turmoil. Khon Kaen, in central Thai-
land, wasn't a part of the eruptions of
sometimes-violent anti-government
demonstrations this summer and fall
that, at one point, forced the closure
of both of Bangkok's airports and
portions of the capital's government
district. When a court banned Thai
Prime Minster Somchai Wongsawat
from politics in early December, the
protests dissolved and the airports
were re-opened.

In past years, the University's
Department of Asian Languages
and Cultures occasionally organized
summer tours of the region, but the
program is currently postponed indefi-
nitely until the political climate of the
region calms down. The autonomy
of region has long been contested -
Tibet's spiritual leader, the DalaiLama,
has lived in exile since1959. These ten-
sions most recently boiled over last
March when protests turned devolved
into a riot violent and ended with the
Chinese government instating martial
law in the region.
The last University trip was in 2007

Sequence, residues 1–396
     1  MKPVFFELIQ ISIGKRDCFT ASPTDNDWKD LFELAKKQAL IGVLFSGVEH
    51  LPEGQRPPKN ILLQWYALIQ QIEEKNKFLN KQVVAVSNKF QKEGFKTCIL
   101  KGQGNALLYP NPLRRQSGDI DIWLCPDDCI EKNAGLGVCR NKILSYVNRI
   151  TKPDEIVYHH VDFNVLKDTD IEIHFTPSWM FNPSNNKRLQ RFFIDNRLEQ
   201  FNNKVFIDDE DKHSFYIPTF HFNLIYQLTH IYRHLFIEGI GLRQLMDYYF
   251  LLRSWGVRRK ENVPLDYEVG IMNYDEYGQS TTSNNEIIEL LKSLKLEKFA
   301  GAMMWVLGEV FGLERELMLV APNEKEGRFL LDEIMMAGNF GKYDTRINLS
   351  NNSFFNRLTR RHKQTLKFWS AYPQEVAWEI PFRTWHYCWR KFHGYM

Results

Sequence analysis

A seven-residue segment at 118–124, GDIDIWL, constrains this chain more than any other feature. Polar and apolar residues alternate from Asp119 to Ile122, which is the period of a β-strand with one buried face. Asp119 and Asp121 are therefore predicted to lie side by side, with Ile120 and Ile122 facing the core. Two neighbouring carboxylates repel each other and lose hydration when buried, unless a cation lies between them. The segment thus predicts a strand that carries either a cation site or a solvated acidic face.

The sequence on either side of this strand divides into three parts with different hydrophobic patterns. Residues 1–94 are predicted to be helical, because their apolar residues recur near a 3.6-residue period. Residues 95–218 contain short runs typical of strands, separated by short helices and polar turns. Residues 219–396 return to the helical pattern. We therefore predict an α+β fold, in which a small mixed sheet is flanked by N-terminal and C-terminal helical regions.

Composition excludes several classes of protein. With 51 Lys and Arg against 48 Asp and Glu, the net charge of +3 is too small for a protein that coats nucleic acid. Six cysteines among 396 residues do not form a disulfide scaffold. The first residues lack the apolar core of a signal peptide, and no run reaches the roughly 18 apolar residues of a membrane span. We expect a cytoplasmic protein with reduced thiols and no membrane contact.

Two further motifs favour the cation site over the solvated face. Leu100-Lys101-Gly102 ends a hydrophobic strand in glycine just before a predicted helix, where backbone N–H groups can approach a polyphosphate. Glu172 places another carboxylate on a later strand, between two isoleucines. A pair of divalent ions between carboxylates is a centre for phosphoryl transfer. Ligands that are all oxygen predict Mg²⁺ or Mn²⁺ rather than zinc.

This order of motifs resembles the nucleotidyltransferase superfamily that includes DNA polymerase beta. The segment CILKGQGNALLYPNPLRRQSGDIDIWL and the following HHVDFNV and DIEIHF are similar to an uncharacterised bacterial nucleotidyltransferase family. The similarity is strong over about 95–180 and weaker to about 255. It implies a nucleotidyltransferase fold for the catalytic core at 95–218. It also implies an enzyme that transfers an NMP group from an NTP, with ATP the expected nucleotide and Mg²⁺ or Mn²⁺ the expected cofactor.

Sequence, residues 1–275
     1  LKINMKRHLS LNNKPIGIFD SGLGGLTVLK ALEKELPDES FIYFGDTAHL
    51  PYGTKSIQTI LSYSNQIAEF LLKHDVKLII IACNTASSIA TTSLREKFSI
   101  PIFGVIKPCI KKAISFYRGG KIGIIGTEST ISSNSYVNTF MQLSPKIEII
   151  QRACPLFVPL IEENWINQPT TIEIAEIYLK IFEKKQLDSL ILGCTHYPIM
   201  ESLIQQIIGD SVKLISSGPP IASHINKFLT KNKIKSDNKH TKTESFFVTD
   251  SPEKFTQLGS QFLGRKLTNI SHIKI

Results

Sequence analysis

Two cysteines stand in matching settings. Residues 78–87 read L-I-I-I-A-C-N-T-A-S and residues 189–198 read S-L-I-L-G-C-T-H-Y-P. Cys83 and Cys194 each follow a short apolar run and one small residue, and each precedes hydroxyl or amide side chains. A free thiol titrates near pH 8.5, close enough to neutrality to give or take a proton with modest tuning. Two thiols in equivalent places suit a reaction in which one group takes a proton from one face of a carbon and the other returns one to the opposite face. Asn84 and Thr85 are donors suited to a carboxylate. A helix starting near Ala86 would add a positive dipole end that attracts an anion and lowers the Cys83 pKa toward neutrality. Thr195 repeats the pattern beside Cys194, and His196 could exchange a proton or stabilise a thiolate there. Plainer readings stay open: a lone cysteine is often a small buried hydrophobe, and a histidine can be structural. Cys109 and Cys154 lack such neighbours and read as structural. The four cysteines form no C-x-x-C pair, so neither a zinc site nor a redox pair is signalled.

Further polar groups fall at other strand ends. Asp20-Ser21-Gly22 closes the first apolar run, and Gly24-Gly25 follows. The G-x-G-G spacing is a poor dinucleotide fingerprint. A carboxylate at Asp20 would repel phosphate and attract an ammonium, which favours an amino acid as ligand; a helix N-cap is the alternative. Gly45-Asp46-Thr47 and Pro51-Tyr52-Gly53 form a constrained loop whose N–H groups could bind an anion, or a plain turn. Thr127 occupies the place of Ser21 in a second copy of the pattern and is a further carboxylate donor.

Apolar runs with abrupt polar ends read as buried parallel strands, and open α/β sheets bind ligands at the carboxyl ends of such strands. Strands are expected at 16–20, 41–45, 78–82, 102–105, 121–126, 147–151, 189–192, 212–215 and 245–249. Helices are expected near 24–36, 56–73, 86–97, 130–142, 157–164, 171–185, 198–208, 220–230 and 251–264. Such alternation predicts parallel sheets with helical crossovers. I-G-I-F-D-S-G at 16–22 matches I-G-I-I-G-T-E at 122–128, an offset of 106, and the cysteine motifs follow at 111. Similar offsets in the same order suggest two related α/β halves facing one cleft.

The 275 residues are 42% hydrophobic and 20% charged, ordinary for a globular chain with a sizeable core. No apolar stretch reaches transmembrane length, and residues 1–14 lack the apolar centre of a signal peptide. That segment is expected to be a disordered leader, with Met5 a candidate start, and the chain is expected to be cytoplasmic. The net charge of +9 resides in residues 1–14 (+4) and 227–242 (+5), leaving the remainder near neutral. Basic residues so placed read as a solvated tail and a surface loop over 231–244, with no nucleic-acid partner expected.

when students and faculty toured
monasteries and the countryside on
tourist visas, said Nicole Baker, the
department's graduate program coor-

Walpole Island, home of the Bke-
jwanong First Nation, a community
of a few thousand native people,
is just a two-hour drive from Ann
Arbor. Located on the opposite
shore of Lake St. Clair, Walpole
Island is practically shouting dis-
tance from metro Detroit. The trip,
which is sponsored through the tn i-
versity's Global Intercultural Experi-
ence for Undergraduates Program,
is now in the planning stages for this
May. During their four-week stay
on the island, students will work
primarily with Bkejwanong youth,
learning about Ojibwe culture and
the island's ecology.

Similar to the Bkejwanong First
Nation trip, GIEU students will also
have the opportunity to spend a
month this summer on the Lakota
reservation - 1,000 square miles
of unrecognized territory covering
parts of the Dakotas, Nebraska,
Wyoming and Montana. Under
the direction of Engineering Prof.
Kim Kearfott, students will work
witfh area nonprofit organizations
to measure and assess the dan-
gers of radiation levels caused by